Clifton Truman Daniel didn't spend all that much time with his famous grandfather. And Truman died when Daniel—eldest son of Harry's daughter Margaret (the mystery writer)—was only 15. So this book is not a memoir of life with the down-to-earth 33rd President. Its true subject is how it feels to be a low achiever in a famous American family.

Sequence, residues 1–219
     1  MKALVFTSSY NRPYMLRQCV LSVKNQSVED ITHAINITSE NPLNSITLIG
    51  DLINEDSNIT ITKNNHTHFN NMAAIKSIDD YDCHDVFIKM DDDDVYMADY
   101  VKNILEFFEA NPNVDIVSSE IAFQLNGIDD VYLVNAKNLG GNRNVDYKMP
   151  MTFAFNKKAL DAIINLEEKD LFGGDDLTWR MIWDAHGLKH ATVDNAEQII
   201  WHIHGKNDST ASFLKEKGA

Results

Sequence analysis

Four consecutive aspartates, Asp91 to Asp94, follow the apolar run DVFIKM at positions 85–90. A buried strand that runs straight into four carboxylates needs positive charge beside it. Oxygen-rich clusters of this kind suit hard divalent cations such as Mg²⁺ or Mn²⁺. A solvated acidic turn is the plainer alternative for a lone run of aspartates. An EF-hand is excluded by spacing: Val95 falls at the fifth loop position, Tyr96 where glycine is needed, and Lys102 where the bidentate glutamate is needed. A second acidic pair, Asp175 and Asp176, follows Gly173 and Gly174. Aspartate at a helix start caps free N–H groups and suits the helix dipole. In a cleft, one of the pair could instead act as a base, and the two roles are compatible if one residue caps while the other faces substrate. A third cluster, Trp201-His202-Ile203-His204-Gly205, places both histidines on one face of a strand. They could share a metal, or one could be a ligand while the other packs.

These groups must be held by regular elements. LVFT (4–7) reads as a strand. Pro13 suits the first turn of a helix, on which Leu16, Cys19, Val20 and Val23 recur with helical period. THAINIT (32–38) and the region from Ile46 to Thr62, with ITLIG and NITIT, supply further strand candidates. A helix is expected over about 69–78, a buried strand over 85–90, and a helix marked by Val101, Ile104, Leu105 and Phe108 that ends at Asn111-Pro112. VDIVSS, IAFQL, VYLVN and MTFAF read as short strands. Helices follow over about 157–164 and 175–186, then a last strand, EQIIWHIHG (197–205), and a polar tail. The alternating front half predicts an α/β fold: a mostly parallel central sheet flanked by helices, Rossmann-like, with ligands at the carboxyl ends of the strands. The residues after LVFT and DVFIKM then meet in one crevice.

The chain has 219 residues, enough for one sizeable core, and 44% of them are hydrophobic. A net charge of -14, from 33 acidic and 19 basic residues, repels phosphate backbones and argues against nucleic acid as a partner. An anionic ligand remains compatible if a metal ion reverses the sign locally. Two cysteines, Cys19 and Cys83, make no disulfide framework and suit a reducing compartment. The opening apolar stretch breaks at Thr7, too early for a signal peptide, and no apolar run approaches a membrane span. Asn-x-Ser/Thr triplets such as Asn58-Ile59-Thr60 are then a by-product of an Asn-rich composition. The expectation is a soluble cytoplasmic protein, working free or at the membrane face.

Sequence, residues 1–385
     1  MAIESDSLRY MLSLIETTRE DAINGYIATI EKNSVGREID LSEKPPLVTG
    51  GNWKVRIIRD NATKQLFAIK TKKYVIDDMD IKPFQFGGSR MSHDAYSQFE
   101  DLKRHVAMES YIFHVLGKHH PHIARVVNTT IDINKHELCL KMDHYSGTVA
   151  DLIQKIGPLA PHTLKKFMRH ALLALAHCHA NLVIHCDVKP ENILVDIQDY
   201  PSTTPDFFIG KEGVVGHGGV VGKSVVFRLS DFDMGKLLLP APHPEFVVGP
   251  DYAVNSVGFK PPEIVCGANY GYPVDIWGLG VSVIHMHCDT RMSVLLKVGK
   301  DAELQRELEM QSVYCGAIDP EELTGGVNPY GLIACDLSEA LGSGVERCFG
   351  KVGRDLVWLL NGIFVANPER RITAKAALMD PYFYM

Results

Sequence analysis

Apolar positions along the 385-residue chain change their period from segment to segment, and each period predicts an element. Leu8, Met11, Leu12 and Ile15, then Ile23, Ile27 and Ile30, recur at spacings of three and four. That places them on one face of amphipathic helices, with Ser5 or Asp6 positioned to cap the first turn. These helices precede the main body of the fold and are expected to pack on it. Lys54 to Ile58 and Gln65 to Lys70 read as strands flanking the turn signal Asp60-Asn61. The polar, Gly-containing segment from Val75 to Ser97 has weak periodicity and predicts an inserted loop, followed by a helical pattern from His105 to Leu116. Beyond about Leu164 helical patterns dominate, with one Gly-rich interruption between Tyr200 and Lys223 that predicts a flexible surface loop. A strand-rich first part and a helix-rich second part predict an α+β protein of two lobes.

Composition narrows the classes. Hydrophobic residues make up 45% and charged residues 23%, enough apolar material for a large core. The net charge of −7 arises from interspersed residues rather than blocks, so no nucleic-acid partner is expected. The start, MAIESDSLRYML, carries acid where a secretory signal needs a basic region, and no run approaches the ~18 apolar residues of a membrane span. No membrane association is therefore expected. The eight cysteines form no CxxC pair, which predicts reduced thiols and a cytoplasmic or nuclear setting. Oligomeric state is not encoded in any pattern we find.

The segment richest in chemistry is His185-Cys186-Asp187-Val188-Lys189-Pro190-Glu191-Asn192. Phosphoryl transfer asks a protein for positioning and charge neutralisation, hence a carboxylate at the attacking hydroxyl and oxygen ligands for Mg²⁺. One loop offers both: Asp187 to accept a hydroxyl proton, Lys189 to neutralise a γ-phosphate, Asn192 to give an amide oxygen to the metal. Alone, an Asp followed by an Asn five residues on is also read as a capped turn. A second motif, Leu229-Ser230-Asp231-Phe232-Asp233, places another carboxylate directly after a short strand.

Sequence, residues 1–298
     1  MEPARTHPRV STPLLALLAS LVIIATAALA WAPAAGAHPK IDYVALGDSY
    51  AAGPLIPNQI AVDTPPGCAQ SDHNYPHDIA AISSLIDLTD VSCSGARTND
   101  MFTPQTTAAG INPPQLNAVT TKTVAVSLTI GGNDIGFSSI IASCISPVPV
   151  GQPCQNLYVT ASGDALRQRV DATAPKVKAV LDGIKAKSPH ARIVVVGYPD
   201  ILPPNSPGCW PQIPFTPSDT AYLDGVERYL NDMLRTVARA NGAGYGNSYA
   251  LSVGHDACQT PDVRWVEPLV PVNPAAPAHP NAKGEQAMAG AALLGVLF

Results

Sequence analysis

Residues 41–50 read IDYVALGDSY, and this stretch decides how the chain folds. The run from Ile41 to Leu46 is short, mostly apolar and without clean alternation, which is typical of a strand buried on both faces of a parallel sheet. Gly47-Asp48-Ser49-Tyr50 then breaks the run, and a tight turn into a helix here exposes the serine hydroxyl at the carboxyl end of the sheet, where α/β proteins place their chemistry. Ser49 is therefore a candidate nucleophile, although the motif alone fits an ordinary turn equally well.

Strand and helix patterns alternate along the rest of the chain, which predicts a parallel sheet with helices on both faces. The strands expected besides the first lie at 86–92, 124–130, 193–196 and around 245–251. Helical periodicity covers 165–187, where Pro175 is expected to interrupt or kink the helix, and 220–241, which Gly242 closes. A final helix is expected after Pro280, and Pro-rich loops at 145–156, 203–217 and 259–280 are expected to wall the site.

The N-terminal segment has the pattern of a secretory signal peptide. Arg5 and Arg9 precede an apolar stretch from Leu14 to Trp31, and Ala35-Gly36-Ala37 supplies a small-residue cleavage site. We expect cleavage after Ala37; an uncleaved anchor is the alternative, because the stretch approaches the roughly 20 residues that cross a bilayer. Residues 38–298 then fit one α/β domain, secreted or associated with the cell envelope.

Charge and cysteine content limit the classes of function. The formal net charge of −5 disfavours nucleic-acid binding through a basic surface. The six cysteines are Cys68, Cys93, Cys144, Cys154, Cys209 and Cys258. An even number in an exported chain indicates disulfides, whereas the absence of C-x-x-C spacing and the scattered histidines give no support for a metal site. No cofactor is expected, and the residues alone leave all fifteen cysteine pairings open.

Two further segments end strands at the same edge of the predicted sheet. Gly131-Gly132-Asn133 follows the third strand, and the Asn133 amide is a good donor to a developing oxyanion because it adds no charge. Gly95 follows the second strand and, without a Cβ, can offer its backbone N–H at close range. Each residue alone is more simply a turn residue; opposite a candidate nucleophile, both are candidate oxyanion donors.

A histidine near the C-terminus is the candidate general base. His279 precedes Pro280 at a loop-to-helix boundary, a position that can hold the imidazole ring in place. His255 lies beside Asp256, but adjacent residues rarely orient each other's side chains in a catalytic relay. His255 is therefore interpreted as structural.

Daniel, whose father was a managing editor of The New York Times, grew up in New York City, studied at all the right schools, met all the right people and nonetheless (or because of that, as he sees it) became an alcoholic and a drug abuser. He has managed to put his life in order through therapy, a strong marriage and children of his own (plus a job his father secured for him at the Wilmington Star-News in North Carolina), but the book has a whiny tone. Perhaps fellow members of the overprivi-leged club can sympathize with the demons that haunted Daniel. But fans of President Truman's give-'em-hell style will find this book a disappointment. (Birch Lane, $19.95)